The Futility Monster

He'll pointlessly derive more enjoyment out of your resources than you


Posted by The Futility Monster on July 10, 2009 @ 01:28

Damn you, piggies! It's all your fault!

Damn you, piggies! It's all your fault!

It’s funny how a few years ago the country was obsessed over a few dead birds on a beach in some Gord-foresaken (unintentional typo amusingly left in) part of Scotland because of the apparent dangers of bird flu, and all despite the fact that there was no evidence that humanity was ever in any danger from it.

There was never any proof that bird flu would mutate into a form that humans could pass between them. But the media worked itself into a frenzy, as usual, and we got lots of talk about exclusion zones and DEFRA vets going in in their biohazard suits. All made for wonderful TV.

Now, though, it is possible we are actually in a genuinely challenging situation. Due to the genetic closeness of humans with pigs, swine flu is indeed a great danger to us. We are fortunate that, right now, this present bout of swine flu is not a particularly vicious strain in its own right.

This time, however, the media are playing it cool. Largely because the percentage of people dying from swine flu is, or seems to be, lower than the percentage who die from seasonal flu. And, that is actually quite refreshing. There is no need to panic or alarm the public over swine flu.

But I’m beginning to sense that maybe we’re just getting a little complacent over it. Did you realise that there are, as of today, nearly 10,000 cases of it in the UK? And this figure is rising exponentially. Health authorities in parts of the country, particularly London and Birmingham, have already given up trying to contain it and have moved on to the treatment phase.

Now, I don’t wish to be an alarmist; as that would be rather hypocritical after all the grief I give the British media. But when even the government suggests that by August there could be as many as 100,000 new cases a day, it is fair to say that, even despite its low potential for deaths, it is going to be one of the biggest, if not the biggest, events of this year: one which will have significant implications.

First – the NHS is going to be under tremendous strain. It just about copes with the normal winter flu. How will it survive the potential for extraordinary levels of illness, and at a time when budgets are going to tighten?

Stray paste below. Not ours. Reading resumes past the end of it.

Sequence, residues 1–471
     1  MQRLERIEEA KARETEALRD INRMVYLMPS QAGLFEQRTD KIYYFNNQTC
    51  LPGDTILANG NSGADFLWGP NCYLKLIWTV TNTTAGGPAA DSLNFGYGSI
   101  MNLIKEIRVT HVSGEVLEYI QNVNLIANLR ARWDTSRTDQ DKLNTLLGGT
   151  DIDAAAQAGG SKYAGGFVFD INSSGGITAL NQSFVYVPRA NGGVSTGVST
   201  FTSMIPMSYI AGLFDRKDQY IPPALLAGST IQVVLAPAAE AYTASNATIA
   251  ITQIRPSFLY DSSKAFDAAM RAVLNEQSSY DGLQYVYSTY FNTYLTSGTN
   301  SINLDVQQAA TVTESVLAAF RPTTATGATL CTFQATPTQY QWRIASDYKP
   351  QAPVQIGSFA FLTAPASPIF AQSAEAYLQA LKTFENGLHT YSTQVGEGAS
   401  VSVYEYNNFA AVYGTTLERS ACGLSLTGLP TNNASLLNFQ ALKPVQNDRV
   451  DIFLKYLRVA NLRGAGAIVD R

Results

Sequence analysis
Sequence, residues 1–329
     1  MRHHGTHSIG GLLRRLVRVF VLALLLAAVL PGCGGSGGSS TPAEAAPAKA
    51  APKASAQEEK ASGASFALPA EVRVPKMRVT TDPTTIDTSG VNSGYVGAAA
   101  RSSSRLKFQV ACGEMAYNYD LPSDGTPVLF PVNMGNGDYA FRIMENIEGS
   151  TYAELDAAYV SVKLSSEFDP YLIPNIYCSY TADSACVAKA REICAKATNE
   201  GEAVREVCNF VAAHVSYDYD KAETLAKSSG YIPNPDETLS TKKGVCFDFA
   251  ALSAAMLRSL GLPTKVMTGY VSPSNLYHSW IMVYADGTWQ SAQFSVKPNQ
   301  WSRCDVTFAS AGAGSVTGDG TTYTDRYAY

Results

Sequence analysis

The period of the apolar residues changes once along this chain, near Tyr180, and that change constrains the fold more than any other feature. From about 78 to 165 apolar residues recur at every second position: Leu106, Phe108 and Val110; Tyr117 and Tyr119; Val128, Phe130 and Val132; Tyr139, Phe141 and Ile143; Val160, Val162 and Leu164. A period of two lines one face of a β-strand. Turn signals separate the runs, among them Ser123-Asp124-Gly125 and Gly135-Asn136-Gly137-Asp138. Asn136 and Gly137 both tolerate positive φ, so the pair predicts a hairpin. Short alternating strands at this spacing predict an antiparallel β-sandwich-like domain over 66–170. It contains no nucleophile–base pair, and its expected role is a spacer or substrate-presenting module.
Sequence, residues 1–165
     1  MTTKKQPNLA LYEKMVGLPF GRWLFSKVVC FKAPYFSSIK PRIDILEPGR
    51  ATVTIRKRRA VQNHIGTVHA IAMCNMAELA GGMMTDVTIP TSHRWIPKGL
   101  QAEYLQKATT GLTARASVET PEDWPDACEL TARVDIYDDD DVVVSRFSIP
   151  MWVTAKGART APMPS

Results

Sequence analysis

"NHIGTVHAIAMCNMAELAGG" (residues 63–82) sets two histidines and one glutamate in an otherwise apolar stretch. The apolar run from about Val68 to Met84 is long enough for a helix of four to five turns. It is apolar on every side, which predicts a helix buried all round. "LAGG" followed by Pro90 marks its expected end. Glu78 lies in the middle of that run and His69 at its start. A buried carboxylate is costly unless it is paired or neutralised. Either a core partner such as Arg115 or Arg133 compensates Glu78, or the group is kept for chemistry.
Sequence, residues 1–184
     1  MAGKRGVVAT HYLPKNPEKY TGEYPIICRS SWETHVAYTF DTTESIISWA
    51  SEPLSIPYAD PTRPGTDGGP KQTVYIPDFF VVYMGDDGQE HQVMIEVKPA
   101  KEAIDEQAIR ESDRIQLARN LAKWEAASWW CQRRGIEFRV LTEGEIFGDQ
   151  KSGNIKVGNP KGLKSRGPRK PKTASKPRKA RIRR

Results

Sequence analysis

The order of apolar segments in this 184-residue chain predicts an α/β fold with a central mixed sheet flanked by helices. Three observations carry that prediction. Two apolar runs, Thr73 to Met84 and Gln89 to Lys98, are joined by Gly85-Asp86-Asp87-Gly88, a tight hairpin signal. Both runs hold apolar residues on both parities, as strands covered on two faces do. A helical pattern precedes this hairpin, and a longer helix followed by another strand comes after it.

Secondly, the economy. Recovery is the big expectation right now, but it is at an extremely tender phase. Can that continue in the face of huge increases in absenteeism and drops in productivity due to millions of extra people off work? What if public transport networks are closed or major public gatherings cancelled to try to limit the spread? That’s only going to hurt business even more.

Thirdly, this thing has its own momentum. Because hygiene practices are so poor (speaking from the anecdotal experience of serving the general public every day!)  – and so many people travel on over-crowded public transport every day, once this thing is out there almost half the country is going to end up with it. And very probably an effective vaccine to pre-empt it is not going to be with us in time.

Fourthly, those who invested in biotech or pharmaceutical companies are likely to be very big winners. Which makes me feel very uneasy. As always, someone is going to make vast sums of money out of a terrible situation. Doesn’t seem very ethical to me.

The big unknown is whether it’s going to return to us in a more deadly form in a “second wave”. Let’s assume, however, that the vaccines are in place for that, and we manage to avoid this scenario.

Finally – what about the politics? Gordon Brown almost looked good when he tackled foot and mouth early in his Premiership. It may seem a little silly, but there are good headlines to be had from handling a major public health incident well. If the government is able to show that they have been well prepared for this, and have dealt with it effectively, then no harm will be done at all.

The only problem is just how large the final bill will be.

In truth, it really is something the country could do without right now.

But you can’t put a price on public health. Not with an election looming…

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